When plenty of critics said that he wasn't seasoned enough as an assistant coach to take on a head coaching gig, even in an interim capacity, Singletary had the faith in himself to accept the job and trust in the 49ers organization to believe that they'd give him a fair shot to keep it beyond the 2008 season.
While suffering through a blowout loss at home to Seattle in his coaching debut, Singletary had enough faith in his convictions to banish defiant tight end Vernon Davis to the showers and the trust in his methods to know that he'd win over the locker room quickly, despite the rough start.
Even though most "experts" and pigskin pundits believe that his team doesn't have the talent to contend, especially with first-round pick Michael Crabtree still unsigned, Singletary hasn't once blinked.
He told his guys throughout training camp that he had faith in them. He promised that if they put in the time and effort it takes to be great, learned to trust each other and trust in his methods, that they would get to, in his words, "where we want to go."
Fast forward to second half of the 2009 season opener at Arizona, the defending NFC Champions. The 49ers once led the Cardinals 13-3 late in the second quarter, but now the offense had dried up and the defense was starting to wilt.
San Francisco had already given up 10 unanswered points and the Cardinals were driving again towards a go-ahead score.
Singletary called time out and gathered his exhausted defense around him. He told them that he had faith that they would keep the dam from bursting and to trust their offensive teammates; eventually they would mount a drive together and score enough points to win the game.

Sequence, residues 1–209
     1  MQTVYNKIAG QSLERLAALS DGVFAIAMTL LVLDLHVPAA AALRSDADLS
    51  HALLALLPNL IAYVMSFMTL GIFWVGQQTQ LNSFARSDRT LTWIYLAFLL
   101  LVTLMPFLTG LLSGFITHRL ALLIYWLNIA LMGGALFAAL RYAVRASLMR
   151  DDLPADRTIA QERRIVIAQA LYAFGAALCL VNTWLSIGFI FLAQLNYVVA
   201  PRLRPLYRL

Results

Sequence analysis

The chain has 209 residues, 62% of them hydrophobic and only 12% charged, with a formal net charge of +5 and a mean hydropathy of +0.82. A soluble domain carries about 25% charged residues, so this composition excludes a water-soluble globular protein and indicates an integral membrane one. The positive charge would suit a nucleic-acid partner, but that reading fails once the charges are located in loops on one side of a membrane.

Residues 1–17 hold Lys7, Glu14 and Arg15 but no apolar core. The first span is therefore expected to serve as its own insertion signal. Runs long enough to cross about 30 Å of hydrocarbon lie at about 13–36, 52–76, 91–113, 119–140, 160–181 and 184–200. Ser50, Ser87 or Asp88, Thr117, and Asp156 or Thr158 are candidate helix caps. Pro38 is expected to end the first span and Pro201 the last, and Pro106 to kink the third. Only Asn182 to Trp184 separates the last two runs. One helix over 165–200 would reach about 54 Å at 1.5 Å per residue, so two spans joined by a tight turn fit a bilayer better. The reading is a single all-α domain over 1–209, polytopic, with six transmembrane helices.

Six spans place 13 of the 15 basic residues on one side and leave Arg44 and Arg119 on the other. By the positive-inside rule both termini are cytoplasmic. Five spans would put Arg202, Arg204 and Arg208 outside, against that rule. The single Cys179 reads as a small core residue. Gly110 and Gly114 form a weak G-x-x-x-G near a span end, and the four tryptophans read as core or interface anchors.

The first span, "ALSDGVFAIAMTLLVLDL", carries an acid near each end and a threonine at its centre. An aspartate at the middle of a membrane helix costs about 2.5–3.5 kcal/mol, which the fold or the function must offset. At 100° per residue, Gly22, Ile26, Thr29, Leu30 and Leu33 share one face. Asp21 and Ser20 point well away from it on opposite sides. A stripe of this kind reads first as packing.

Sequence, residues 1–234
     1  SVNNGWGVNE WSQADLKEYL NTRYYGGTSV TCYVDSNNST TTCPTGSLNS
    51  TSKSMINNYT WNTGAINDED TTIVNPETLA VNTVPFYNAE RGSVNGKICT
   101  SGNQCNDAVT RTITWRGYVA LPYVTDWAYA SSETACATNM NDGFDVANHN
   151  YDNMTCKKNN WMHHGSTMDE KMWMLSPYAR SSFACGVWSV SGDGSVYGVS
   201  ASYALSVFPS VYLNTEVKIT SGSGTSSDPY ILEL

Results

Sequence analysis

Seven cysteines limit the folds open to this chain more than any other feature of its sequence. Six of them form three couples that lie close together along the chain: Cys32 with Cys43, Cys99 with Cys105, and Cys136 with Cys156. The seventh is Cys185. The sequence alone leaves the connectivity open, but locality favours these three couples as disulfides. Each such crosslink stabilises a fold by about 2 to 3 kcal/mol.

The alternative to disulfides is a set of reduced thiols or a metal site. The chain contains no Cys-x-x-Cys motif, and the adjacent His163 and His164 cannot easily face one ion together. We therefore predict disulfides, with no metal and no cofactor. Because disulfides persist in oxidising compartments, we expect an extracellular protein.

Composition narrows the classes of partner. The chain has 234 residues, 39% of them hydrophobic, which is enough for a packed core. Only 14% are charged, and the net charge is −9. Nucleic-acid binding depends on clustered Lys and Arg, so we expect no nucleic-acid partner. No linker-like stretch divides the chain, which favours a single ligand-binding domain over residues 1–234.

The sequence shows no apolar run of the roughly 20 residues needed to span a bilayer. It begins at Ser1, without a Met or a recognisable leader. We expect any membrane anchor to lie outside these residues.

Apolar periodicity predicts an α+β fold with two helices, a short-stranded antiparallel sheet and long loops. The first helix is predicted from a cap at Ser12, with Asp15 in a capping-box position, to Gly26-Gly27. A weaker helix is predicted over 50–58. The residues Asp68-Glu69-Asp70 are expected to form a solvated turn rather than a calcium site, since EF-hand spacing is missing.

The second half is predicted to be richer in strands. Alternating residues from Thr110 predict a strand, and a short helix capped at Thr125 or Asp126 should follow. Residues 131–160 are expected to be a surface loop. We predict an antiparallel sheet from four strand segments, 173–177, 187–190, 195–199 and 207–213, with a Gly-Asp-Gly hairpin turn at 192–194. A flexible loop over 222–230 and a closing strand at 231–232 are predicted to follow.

And that's precisely what happened. The 49ers squeezed one 15-play, 80-yard touchdown drive between five second half three-and-outs and it was enough to come away with a 20-16 road victory.
So the question of the day is this: Why is it that Singletary, a man who trusts literally hundreds of people around him to do their jobs and to do them well, does not trust the one guy who matters the most: quarterback Shaun Hill?
While it was Singletary who gave Hill the chance to be a starter during the final eight games last season, it was Hill's play in those games, as much as anything else, that enabled the 49ers to go 5-3 in the second half, which in turn helped remove the interim tag from Singletary's title.
Yet Singletary still went shopping for a quarterback in the off-season and tried, unsuccessfully, to recruit Arizona's Kurt Warner.
When that plan failed, Singletary announced that Hill would have to compete for the job with woebegone Alex Smith. The team even drafted a passer in Nate Davis out of Ball State.
Hill won the job, easily, over Smith in training camp, but he still had to deal with being belittled by both Singletary and offensive coordinator Jimmy Raye, who both went out of their way to downplay the quarterback's importance to the offense and insist that running back Frank Gore would be "The Man" the team would rally around.
Raye said the team wanted to run the ball 60 percent of the time and Singletary called Gore the team's primary playmaker. He said he wanted Hill mainly to avoid making mistakes.
Through two-and-a-half quarters Singletary and Raye kept trying, stubbornly and pointlessly, to defy the laws of physics and ram poor Gore into a wall of Cardinals defenders.
To the layman it would seem obvious that all the fire-and-brimstone speeches and dedicated blocking in the world can't overcome simple football math: When a defense has more guys at the line of scrimmage than blockers, you're not going to be able to run the ball.
The Cardinals weren't going to let Gore beat them, pure and simple. Singletary would have to take the shackles off Hill and trust him to do deliver.